I believe Pam the Bear is a new band hailing from Appleton Wisconsin. A link to their new album was posted on the Wisconsin Ska Group on Facebook. Other than this they have no other web presence. Let’s give their self-titled debut a little listen, shall we?
1. “Let’s Go!”- This one starts out with some nice horns with a traditional upbeat ska feel. The horns are a bit muffled, as I suspect there is a saxophone in the band (this often takes away from the blaring of a trombone or trumpet). I also like the backing vocals. Overall, this is a nice start
to the album. Grade: B
2. “Foul Weather Friends”-Great harmonization as well as keyboard parts on this song. I also like how the band changes from a ska sound to other musical types within the same song. Overall this tune sounds like pieces of several other songs I have heard. I dig it Grade: B
3. “Weather”- This starts out like the kind of song you would listen to while sipping iced tea on your back porch. Overall, I enjoy the twangy guitar (or banjo?) but the lyrics don’t always seem to meld with the music. I also thought that the group part near the end added to the overall feel. Grade: C
4. “Crawlin’”-Nice job at creating a dark, creepy sensation to the listener. This one starts quickly switches from slower to faster tempos. There is also a nice instrumental part around the half-way mark. All in all, I like this song, but I almost wish the lead singer hand more of a raspier, more powerful voice to match the motif of this song. Grade: B+
5. “Try, Try (Try)”- Oooh, I dig the banjo that starts this one off. The saxophone is used more effectively in this one (by itself) vs. other songs. While there are not of ton of words to this song, the music definitely makes up for it. Grade: B+
6. “Hopeless, Helpless”- This song, much like “Foul Weather Friends” features nice harmonization by male and female vocalists. A slow-skankin’ song. Grade: C
7. “Blame”- This is one has a funky feel created not only by the guitar line as well as the horn parts. The horns could be a little bit more in your face. Pam (the Bear) does a nice job of “picking it up” at the 2 minute mark. This is an easy contender for best song on the album. Grade: B+
8. “Bubbles, Bears and Elephants”- This is not really a ska song per se, but it does have many musical styles all wrapped in one. It kind of has a mystical feel to it. Also, the song is way too long. It repeats itself several times for a total running time of 6:44. To be completely honest, I’m just not feeling this one. Grade: D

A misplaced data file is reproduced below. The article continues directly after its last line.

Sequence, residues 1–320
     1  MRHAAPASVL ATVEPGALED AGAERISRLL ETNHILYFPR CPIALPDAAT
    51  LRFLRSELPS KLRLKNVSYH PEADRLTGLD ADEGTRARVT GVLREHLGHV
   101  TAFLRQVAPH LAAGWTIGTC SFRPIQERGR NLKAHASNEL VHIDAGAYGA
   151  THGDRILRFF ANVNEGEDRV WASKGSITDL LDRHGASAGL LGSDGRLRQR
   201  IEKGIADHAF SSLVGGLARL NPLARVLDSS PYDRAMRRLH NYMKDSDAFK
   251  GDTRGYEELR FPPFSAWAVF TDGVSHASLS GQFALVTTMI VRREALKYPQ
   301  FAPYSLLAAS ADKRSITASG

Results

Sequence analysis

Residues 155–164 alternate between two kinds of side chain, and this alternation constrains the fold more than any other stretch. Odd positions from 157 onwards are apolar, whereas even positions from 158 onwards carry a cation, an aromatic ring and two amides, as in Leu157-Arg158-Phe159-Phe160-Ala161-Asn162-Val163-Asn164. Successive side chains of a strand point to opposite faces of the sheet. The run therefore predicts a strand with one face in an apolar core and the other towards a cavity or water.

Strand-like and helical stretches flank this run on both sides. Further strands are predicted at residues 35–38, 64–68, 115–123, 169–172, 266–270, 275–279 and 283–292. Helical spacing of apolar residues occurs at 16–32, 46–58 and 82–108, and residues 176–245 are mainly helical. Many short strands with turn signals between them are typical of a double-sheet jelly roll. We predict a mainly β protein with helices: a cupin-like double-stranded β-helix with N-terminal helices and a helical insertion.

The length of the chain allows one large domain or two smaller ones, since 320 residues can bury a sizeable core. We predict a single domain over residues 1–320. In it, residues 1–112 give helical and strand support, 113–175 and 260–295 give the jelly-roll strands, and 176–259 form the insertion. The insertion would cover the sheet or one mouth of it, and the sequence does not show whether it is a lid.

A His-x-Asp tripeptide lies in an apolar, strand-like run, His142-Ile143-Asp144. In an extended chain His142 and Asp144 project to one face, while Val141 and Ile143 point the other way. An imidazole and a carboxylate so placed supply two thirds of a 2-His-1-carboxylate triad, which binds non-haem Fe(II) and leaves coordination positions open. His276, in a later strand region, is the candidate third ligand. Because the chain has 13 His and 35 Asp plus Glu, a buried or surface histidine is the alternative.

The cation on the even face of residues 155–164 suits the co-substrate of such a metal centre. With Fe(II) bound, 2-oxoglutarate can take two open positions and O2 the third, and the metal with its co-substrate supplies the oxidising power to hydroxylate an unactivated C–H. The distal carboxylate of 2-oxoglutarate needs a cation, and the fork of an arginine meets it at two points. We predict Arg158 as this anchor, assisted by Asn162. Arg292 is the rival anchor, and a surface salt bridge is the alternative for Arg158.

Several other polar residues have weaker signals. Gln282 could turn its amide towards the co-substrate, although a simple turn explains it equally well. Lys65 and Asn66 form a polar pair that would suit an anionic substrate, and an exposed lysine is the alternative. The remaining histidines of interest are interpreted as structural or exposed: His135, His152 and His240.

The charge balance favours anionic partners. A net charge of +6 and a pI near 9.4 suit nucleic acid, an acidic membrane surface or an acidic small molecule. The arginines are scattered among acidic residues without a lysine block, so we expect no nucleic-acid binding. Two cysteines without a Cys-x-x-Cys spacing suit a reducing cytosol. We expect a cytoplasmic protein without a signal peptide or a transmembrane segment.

9. “Crawlin (acoustic)”-Normally, I’m not a huge fan of having various versions of the same song on the same album, but I will give Pam the Bear on pass on this issue. I really like the whistling in this one. Although this works as an acoustic number, it is neither bettor nor worse than the original. Grade B+
10. “Let’s Go! (acoustic)”-Not only is this acoustic, it also has a bluegrass feel to it. I feel the same way about this as the acoustic version of “Crawlin’;” it is a nice change, but does not necessarily make it better or worse. Grade: B
First of all I was very excited to have discovered this on my Facebook feed. It is always great to hear of new bands in the genre and what they are up to. I must say that when critiquing this album, I was not as harsh as I probably could have been. I felt it would be unfair to hold them to the same standards as other ska bands that have been around for several years, and have recorded several studio-quality albums. Pam the Bear appears to be a band of college kids and this album seems to be a DIY project (we all have to start somewhere right)? For this reason, I went a little easy on some of my grading.
For a new band, I really enjoyed how every song sounds distinctively different. A trap that some new bands to a genre get fall into is making every song sound exactly the same. I also really enjoyed the non-traditional instrumentation of banjo (and others possibly).
Now for the bad news. The first point I only mention for the sake of being complete, not as a critique. This album does not have the same sound quality as most albums. This was probably self-recorded, but as a new band (probably on a budget), this is the way to go. It is far too expensive to save up enough money to rent studio time. It is more important, in my opinion, to get your material out there, to start creating a name for yourself. My only critique however, is that both the horns and the vocalist seem to be lacking passion/excitement. While everyone sounds like they are hitting the appropriate notes, the overall feeling feels a bit flat. Despite my previous point, this is a nice start for an aspiring ska band. I can’t wait to see what Pam the Bear has in store for the future